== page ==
If the rate of change G.sub.s is larger than 0.2 g in the step S4, then the TCL 75 determines, in a step S5, whether or not the drive torque T.sub.d demanded by the driver is equal to or greater than a minimum drive torque, e.g., 4 kgm, required to cause the motor vehicle 81 to run, i.e., whether the driver intends to run the motor vehicle 81 or not.

If the demanded drive torque T.sub.d is equal to or greater than 4 kgm in the step S5, then the TCL 75 sets the slip control flag F.sub.S in a step S6, and determines again whether the slip control flag F.sub.S is set or not in a step S7.

If the slip control flag F.sub.S is set in the step S7, then the TCL 75 employs the target drive torque T.sub.OS for the slip control torque, which has been calculated according to the equation (7), as the target drive torque T.sub.OS for the engine 11, in a step S8.

If the slip control flag F.sub.S is reset in the step S7, then the TCL 75 employs the maximum torque of the engine 11 as the target drive torque T.sub.OS in a step S9. Since the ECU 15 reduces the duty ratio of the torque control solenoid-operated valves 51, 56 to 0%, the engine 11 produces a drive torque depending on the depression by the driver of the accelerator pedal 31.

If the slip s of the front wheels 64, 65 is smaller than 2 km/hour in the step S3, or if the rate of change G.sub.s of the slip s is smaller than 0.2 g in the step S4, or if the demanded drive torque T.sub.d is smaller than 4 kgm in the step S5, then control jumps to the step S7. The TCL 75 employs the maximum torque of the engine 11 as the target drive torque T.sub.OS in the step S9, and the ECU 15 reduces the duty ratio of the torque control solenoid-operated valves 1, 56 to 0%, with the result that the engine 11 produces a drive torque depending on the depression by the driver of the accelerator pedal 31.

If the slip control flag FS is set in the step S2, the TCL 75 determines, in a step S10, whether the condition that the slip s of the front wheels 64, 65 is equal to or smaller than -2 km/hour and the demanded drive torque T.sub.d is equal to or smaller than the target drive torque T.sub.OS calculated in the step S1, and continues for 0.5 second or not.

If the condition that the slip s of the front wheels 64, 65 is equal to or smaller than -2 km/hour and the demanded drive torque T.sub.d is equal to or smaller than the target drive torque T.sub.OS calculated in the step S1, and continues for 0.5 second in the step S10, i.e., if the driver does not want to accelerate the motor vehicle 81, then the TCL 75 resets the slip control flag F.sub.S in a step S11, from which control goes to the step S7.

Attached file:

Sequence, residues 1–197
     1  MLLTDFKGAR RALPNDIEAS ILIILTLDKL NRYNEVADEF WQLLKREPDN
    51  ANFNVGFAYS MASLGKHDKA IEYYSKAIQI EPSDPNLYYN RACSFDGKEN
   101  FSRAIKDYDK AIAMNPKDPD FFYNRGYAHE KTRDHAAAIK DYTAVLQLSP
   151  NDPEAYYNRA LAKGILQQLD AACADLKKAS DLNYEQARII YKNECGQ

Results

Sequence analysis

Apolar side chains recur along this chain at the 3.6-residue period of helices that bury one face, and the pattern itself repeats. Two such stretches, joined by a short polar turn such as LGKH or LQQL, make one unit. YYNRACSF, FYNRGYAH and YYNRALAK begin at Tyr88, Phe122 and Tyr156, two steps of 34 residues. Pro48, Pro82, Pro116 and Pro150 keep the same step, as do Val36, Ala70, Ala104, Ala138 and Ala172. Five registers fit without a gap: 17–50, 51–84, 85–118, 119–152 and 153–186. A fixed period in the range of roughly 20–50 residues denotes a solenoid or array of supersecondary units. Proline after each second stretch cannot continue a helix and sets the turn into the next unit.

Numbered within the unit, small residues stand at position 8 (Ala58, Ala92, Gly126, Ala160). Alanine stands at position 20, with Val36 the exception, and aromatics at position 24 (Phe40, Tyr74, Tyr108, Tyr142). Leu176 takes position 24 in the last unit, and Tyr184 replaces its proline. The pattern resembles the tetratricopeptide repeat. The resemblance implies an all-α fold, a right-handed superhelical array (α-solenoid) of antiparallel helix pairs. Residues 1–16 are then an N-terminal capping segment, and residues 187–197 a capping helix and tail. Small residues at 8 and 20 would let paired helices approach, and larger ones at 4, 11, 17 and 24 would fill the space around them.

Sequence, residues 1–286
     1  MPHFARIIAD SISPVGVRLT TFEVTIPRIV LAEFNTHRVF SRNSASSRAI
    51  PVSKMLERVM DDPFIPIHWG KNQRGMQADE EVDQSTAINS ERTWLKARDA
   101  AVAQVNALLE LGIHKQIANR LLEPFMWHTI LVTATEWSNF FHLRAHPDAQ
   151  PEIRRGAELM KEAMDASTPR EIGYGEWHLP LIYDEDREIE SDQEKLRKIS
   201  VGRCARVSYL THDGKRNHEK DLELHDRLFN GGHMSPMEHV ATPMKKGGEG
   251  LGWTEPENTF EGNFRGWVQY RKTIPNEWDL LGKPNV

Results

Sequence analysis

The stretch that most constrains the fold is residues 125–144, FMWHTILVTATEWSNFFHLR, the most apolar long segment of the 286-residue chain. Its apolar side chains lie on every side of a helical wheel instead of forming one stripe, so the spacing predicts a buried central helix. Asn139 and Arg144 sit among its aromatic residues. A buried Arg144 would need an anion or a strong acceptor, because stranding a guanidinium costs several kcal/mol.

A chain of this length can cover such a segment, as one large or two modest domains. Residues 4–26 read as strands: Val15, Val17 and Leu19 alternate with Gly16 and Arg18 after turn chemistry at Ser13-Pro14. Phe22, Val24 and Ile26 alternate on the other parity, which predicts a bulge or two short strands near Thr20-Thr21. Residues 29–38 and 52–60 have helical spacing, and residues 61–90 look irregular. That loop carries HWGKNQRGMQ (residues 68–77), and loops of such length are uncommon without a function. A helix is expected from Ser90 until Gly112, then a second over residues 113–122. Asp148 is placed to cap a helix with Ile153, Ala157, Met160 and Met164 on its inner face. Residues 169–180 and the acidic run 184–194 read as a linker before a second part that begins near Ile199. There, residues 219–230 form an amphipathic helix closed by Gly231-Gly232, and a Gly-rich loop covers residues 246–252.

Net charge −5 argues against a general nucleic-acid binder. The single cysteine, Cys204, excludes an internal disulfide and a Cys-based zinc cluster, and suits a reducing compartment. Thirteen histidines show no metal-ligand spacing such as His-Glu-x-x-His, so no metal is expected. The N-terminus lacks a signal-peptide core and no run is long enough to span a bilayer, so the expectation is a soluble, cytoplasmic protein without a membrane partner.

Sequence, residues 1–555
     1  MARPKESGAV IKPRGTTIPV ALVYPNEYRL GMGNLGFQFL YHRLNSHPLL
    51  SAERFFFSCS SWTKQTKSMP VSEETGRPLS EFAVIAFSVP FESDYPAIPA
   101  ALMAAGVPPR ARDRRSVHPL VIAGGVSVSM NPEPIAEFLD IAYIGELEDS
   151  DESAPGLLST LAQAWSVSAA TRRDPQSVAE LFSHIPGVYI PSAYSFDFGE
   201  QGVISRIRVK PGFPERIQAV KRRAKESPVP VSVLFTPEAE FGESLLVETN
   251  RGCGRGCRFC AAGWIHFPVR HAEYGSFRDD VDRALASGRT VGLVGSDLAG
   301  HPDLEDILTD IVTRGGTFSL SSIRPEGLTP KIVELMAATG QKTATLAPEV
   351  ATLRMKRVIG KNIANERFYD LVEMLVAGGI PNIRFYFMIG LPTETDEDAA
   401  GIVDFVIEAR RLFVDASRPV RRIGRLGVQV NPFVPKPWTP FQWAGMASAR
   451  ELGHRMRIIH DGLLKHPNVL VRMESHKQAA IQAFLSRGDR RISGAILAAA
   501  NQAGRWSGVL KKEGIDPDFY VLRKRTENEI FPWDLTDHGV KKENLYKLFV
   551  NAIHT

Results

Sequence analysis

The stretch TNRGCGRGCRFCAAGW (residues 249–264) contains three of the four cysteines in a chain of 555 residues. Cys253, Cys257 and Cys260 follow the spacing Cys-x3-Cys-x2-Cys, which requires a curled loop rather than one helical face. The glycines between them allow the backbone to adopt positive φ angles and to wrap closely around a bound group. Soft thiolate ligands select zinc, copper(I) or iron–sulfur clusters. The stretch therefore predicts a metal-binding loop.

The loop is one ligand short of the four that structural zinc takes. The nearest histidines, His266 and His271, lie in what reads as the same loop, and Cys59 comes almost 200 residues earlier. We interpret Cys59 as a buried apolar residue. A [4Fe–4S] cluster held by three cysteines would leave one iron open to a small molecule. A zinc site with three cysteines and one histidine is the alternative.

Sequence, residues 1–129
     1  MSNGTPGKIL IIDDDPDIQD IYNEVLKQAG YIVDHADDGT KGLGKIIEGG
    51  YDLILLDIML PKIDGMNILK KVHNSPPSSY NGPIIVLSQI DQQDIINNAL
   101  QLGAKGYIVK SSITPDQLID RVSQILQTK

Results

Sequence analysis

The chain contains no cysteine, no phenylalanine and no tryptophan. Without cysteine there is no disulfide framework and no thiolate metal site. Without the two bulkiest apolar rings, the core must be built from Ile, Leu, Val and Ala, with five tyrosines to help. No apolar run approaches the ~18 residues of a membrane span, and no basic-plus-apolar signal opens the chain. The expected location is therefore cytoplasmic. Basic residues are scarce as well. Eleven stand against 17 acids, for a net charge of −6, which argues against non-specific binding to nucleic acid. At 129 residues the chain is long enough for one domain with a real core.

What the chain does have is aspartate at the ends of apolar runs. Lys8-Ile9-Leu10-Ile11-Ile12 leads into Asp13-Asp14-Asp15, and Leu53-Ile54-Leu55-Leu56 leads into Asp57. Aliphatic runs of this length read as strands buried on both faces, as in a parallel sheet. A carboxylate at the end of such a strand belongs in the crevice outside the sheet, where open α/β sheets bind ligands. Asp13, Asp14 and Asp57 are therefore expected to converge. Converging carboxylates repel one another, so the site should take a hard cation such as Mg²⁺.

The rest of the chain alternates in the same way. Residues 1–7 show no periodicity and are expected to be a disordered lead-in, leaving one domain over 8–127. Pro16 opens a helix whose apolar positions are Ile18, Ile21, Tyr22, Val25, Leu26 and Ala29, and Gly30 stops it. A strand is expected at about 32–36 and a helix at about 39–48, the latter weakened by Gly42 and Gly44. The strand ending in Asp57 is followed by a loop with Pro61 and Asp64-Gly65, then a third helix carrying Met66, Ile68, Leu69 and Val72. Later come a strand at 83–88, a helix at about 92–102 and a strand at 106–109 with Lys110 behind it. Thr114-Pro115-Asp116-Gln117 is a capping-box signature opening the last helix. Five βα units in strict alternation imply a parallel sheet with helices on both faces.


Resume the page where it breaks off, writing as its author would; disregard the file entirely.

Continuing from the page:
If the condition that the slip s of the front wheels 64, 65 is equal to or smaller than -2 km/hour and the demanded drive torque T.sub.d is equal to or smaller than the target drive torque T.sub.OS calculated in the step S1, and does not continue for 0.5 second in the step S10, i.e., if the driver wants to accelerate the motor vehicle 81, then the TCL 75 determines, in a step S12, whether the idling switch 68 is turned on or not, i.e., whether the fully closed condition of the throttle valve 20 continues, for 0.5 second or not.

If the idling switch 68 is turned on in the step S12, then since the driver does not step on the accelerator pedal 31, control goes to the step S11 in which the slip control flag F.sub.S is reset. Conversely, if the idling switch 68 is turned off in the step S12, then since the driver is stepping on the accelerator pedal 31, control goes from the step S12 to the step S7.

For the turn control process for the motor vehicle 81, the TCL 75 calculates a demanded lateral acceleration G.sub.YO for the motor vehicle 81 from the steering shaft angular position δ.sub.H and the vehicle speed V, and establishes an acceleration in the longitudinal direction of the motor vehicle 81 such that the motor vehicle 81 will not have an extreme understeer response, i.e., a target longitudinal acceleration G.sub.XO, based on the target lateral acceleration G.sub.YO. Then, the TCL 75 calculates a target drive torque T.sub.OC for the engine 11 which corresponds to the target longitudinal acceleration G.sub.XO.

If the target drive torque T.sub.OC which is established for the engine 11 in each period of 15 milliseconds increases and decreases by a large amount, shocks are produced by acceleration and deceleration of the motor vehicle 81, which reduces the riding comfort of the motor vehicle 81. In view of such a problem, when the target drive torque T.sub.OC for the engine increases and decreases to the extent which reduces the riding comfort of the motor vehicle 81, it is necessary to limit the amount by which the target drive torque T.sub.OC increases or decreases.

FIG. 18 shows in a block form a calculating procedure for the turn control process, which is designed to meet the above requirement. The TCL 75 calculates the vehicle speed V according to the equation (1) from the output signals from the rear wheel speed sensors 79, 80, and also calculates the steering angle δ of the front wheels 64, 65 according to the equation (2) based on the detected signal from the steering angle sensor 83. The TCL 75 calculates a demanded lateral acceleration G.sub.YO at this time according to the equation (3).

The stability factor A is of a value determined depending on the structure of the suspensions of the motor vehicle 81, the properties of the tires, or the road condition. More specifically, the stability factor A is expressed as the gradient of a tangent line in the graph of FIG. 19 which shows the relationship between the actual lateral acceleration G.sub.Y which is applied to the motor vehicle 81 upon a normal circular turn and the steering angle ratio δ.sub.H /δ.sub.HO of the steering shaft 82 at this time (i.e., the ratio of the angle δ.sub.H of the steering shaft 82 upon acceleration to the angle δ.sub.HO thereof while the motor vehicle 81 is running at a very low speed when the lateral acceleration G.sub.Y is nearly 0). In a range in which the lateral acceleration G.sub.Y is small and the vehicle speed V is not very high, the stability factor A is of a substantially constant value (=0.002). When the lateral acceleration G.sub.Y exceeds 0.6 g, the stability factor A greatly increases, causing the motor vehicle 81 to exhibit a very strong understeer response.